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Rear-end collisions can be deadly
They are also all too common, unfortunately. The National Highway Traffic Safety Administration reports that there are more than 1.7 million rear-end collision crashes in the US every year. Sadly, several of these accidents cause injury or even fatality. The NHTSA reports that more than 500,000 people report an injury from these crashes, and another 170,000 lose their lives.
The major problem with rear-end collision is that you simply don’t see them coming. It carries essentially the same implications as being tackled from behind by someone you didn’t see coming. The suddenness of the accident, coupled with your unpreparedness, can result in serious injury, including whiplash or even a broken neck.
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In addition to this, most vehicle protections are designed to shield a driver from impact on the front of the vehicle. Even with your seatbelt on, a rear-end collision can still cause a significant injury that leaves you needing medical treatment and lengthy rehabilitation. Thankfully, you are not without options if you have been injured in one of these accidents.
Filing a rear-end collision case
You may be entitled to claim compensation for your injuries after the accident. However, one thing that is confusing to people when in a traffic crash that is not their fault is the requirement to file a personal injury protection claim (PIP) with your insurance company first. PIP is sometimes referred to as no-fault coverage in Florida.
Florida is one of 13 no-fault states in the US. Under Florida’s no-fault law, all drivers must carry a minimum of $10,000 in PIP insurance. All people entitled to the coverage are required to use their PIP before using their health insurance or seeking damages from the at-fault driver.
But if your injuries are more severe than this, you may be able to recover compensation from the at-fault party or their insurer.
Regardless, you must have a legally sound claim before you are entitled to claim damages for your injuries. There are legal rules that guide this and dictate what factors must be present in your case. These factors are:
- The other driver must owe you a duty of care. This is usually straightforward as every driver owes everyone else a duty to drive carefully and avoid causing injury or damage.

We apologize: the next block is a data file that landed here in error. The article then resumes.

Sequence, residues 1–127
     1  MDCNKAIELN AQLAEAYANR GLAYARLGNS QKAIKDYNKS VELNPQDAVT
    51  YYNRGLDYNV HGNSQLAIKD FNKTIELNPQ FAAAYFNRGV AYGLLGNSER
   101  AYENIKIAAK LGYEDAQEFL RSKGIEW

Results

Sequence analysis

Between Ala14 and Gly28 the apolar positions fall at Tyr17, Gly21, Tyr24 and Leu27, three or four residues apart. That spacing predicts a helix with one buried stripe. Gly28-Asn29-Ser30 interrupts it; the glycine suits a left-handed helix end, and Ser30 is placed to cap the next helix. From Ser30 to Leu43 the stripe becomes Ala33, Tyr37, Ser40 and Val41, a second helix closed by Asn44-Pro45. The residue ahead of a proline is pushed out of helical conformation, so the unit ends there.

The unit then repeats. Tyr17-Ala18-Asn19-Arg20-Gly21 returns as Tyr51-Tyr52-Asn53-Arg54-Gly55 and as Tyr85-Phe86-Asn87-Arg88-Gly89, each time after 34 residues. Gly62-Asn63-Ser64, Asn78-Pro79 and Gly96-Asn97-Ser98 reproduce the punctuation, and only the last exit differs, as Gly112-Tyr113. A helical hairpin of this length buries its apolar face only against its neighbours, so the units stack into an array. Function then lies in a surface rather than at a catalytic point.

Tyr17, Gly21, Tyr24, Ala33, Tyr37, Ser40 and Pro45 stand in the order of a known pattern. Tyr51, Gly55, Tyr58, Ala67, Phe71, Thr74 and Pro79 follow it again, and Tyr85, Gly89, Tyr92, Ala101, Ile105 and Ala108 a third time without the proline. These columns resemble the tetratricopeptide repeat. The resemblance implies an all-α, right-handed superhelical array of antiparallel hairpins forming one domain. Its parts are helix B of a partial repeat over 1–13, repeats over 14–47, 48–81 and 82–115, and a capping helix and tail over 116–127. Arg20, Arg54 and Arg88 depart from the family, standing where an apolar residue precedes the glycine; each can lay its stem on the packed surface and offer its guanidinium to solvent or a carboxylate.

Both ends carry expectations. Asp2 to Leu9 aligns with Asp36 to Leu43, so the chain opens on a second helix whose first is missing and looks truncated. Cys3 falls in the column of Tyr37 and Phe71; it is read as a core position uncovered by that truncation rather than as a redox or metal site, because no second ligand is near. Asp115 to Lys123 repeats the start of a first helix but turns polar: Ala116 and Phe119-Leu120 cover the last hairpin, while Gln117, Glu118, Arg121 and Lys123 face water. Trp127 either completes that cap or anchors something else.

- They must have breached this duty of care. Under Florida law, a rule called the “bursting bubble presumption” assumes if you were hit by another driver in a rear-end collision, they must have breached this duty. This means you don’t have to prove they were at fault; they are presumed to be at-fault.
- You must have suffered harm or loss. Since the personal injury laws are designed to compensate you for what you have lost or suffered, it must be clear that you have suffered some harm or loss.
- Your injuries or the damage to your vehicle must be directly linked to the other driver’s negligence.
As your Florida rear-end collision attorney would explain, the key part of establishing your case on these factors is determined by the evidence in your case.
The Bursting bubble presumption in Florida
As mentioned earlier, this presumption assumes fault on the part of the other driver, if you were the victim in a rear-end accident. The basis is simple. If you were the one hit from behind by another driver, there’s a high probability that you had no idea what was happening and had no fault for the crash.
However, the presumption does not hold in all circumstances. There are instances when the other driver may show evidence that mitigates their fault or “burst the bubble.” These instances include:
- Mechanical defect: Where the driver can show that they slammed into your vehicle due to a mechanical defect in their vehicle, they may escape the presumption. But the mechanical defect must not have come from their own failure to maintain their vehicle in good working order. It must have been attributable to a defect that was not in their power to cure, e.g., a product defect from the manufacturer or maintenance defect from the mechanic.
- Illegally parked on a public roadway: If you were parked or trying to park illegally on a public roadway, the presumption of liability is burst. This means you were partially at fault for the accident and cannot benefit from the assumption that the other driver was entirely at fault.
- Sudden and unexpected stop or lane change: It is a basic fact that people should not ordinarily stop or brake or change lanes suddenly in moving traffic. If you did this and a rear-end collision occurs, you may likely be partially at-fault unless other qualifying factors can be raised on your behalf. For instance, the other driver will not have the benefit of this exception if the area where you stopped is one where you ordinarily should or would expect frequent stops e.g. business fronts, allowing emergency vehicles to pass, etc.
Where there are facts indicating that the bubble has been burst, the presumption of liability will no longer exist. When the presumption of liability is burst, it is the job of the jury to determine fault between you and the other driver, and what the degree of fault was between both of you.
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Clearly, if the law is not on your side of the claim, it may affect your ability to receive compensation for injuries or damage above your personal injury protection. However, a skilled Florida personal injury attorney can help you assert facts that strengthen your claim and increase the chances of a positive recovery.
Our Florida car accident attorney can help
The highly-rated and skilled rear-end collision attorneys at Dismuke Law have helped hundreds of Florida residents recover the compensation they need to move on with their lives. We can help you too. Call us at (863) 292-6922 for a free, confidential consultation today.